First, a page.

“With this policy there is no provision for farm roles between the low-skilled classification and the high-skilled bracket. It is crucial that this be addressed so that our farmers can continue to tap into this pool of workers when there are no New Zealanders available,” Dr Mackle says.

“Without being able to retain skilled migrant staff, dairy farms in several regions, especially Southland and Canterbury, will be severely impacted in terms of profitability. There’s the real likelihood that with fewer skilled, and consequently more unskilled staff on the ground farmers would also not be able to keep up their high standards of care for the environment they live and work in, or for such aspects as animal welfare and health and safety.”

Dr Mackle says migrant staff and their families are good citizens, making vibrant and viable contribution to the rural communities they live and work in.

“They bring their cultures and values with them. Many partners of the primary visa holders are working in the likes of aged care, supermarkets, and cafes, where they’re also valued for their work ethics and reliability. Their children attend local schools and, far from putting pressure on class sizes, many rural schools may not be viable if not for these kids.”

Dr Mackle adds that what is being faced in many rural communities – and impacting employers in all sectors – is not so much an immigration issue, but one of migration.

“In many rural areas in the South Island, especially Southland and Canterbury, people have moved away to cities. With the decrease in rural populations, the pool of available workers has shrunk too – impacting all business, not just dairy. Quite simply, there’s a shortage of Kiwis in these rural areas – migrant staff are the answer for many.”

A stable, skilled, and productive workforce is essential to the success of any business, he says.

“Farmers are the foundation of the dairy sector which earns this country upwards of $12 billion in exports, and contributes to the lifestyle, infrastructure, and technology all Kiwis enjoy, rural and urban. Farmers must be able to employ – and retain – the staff they need to run their businesses.

“Dairy deserves the best. Like most Kiwi employers, dairy farmers might not hire people from overseas as their first choice – due to language and visa bureaucracy – but often they have no other choice.”

DairyNZ says the industry provides 35,000 on-farm jobs, including contractors and staff – 3,774 of these jobs are currently filled by people from overseas.

Other sectors are also relieved that government has listened.

We are pleased to hear that the Government is planning to review incoming immigration changes with a specific focus on how they will affect the regions. Effectively addressing skills shortages in manufacturing and other sectors needs to remain a core part of our immigration system – notwithstanding changes that may be required to address other issues associated with current high levels of net migration, say the New Zealand Manufacturers and Exporters Association (NZMEA).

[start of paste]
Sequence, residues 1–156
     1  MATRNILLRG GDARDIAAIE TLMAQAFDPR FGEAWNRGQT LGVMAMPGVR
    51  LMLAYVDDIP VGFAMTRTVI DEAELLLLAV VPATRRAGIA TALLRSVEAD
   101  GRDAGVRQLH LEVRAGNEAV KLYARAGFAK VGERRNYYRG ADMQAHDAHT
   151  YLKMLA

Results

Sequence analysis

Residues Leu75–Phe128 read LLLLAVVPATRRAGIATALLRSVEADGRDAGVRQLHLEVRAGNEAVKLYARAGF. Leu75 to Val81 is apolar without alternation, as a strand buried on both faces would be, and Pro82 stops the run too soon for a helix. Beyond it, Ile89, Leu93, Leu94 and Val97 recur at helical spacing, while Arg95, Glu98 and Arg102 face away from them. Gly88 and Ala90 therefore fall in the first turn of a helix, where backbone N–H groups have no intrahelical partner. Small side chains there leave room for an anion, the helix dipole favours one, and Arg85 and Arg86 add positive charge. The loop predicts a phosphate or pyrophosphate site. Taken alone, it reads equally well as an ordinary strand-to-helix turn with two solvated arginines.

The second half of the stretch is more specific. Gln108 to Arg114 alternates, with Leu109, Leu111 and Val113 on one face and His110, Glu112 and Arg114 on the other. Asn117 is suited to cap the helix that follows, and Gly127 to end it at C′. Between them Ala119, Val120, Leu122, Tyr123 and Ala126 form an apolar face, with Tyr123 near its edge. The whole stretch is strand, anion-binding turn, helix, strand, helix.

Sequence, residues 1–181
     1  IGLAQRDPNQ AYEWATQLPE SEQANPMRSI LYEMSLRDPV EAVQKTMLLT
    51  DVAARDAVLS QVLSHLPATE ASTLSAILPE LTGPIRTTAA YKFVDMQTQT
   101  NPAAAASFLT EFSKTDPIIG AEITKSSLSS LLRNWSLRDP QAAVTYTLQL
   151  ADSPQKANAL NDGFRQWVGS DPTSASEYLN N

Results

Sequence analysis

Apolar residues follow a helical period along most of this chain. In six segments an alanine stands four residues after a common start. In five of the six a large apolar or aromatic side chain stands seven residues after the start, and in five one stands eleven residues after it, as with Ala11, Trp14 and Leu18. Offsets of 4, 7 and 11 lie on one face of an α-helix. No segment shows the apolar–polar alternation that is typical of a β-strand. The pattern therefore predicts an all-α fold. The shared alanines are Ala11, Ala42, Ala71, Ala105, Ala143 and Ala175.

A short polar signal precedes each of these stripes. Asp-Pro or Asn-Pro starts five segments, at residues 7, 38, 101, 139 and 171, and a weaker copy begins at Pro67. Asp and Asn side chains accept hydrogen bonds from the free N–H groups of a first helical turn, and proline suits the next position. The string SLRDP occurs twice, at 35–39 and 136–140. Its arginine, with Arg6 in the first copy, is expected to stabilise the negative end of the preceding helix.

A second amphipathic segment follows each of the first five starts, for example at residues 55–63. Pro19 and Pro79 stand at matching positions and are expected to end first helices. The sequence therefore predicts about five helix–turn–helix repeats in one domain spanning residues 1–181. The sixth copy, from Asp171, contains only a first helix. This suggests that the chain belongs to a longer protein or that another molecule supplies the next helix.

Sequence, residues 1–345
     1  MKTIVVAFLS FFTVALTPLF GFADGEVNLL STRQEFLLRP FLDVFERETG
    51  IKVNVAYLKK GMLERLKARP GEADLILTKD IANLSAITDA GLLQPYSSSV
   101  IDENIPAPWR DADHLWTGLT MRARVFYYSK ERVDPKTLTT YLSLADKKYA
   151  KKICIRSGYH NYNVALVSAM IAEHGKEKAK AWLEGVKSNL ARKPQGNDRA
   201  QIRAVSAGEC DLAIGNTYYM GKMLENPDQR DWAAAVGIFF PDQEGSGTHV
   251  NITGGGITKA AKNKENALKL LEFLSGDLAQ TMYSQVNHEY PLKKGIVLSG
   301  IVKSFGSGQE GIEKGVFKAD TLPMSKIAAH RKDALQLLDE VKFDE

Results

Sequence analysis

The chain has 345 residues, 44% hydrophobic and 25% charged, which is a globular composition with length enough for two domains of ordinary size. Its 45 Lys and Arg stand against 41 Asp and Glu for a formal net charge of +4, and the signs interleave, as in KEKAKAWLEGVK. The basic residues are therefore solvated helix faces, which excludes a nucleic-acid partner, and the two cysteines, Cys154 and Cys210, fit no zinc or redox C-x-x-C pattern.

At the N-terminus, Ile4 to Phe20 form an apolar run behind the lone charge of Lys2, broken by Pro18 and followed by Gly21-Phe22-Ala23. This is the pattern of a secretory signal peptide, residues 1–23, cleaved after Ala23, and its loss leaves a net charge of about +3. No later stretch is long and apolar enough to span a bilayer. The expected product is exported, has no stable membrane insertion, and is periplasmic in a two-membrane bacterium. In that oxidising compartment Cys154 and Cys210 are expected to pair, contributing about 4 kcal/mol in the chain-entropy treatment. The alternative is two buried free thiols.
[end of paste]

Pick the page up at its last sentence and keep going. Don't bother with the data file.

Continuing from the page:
NZMEA Chief Executive, Dieter Adam said, “In particularly, the 12-month stand-down after three years did not make any sense to businesses – having to send quality workers back home not long after they completed the inevitable on-the-job training required to become fully productive and integral to their business operation. The skills they may take with them often simply cannot currently be filled by New Zealanders.”

“Unlike in other sectors, labour shortages in manufacturing are almost completely in the skilled workers category, especially for those with trade skills and experience.

“The Government’s approach to use pay levels as a surrogate for skill level was seen as a sensible approach by some of our members, where it was seen as potentially a smoother pathway to fill high income skill shortages, but others argued it is crude and has a number of issues. It ignores the fact, for example, of regional variation in pay for jobs at the same skill level, and it may unintentionally lead to wage inflation by artificially setting a base line across the country for what machine operators, for example, should be paid.

“The NZMEA is not simply advocating for a continuation of current immigration policies and practises, which have led to immigration outcomes that may well be unsustainable in some areas. The Government needs to go back to the drawing board and come up with changes that address these issues without cutting off the much needed supply of migrants to fill skill shortages, especially in the regions outside of Auckland.” Said Dieter.

The regions have a serious shortage of both skilled and unskilled workers. Unemployment is around the level where those without work are unemployable nationally and in a lot of small towns unemployment is well below the national rate.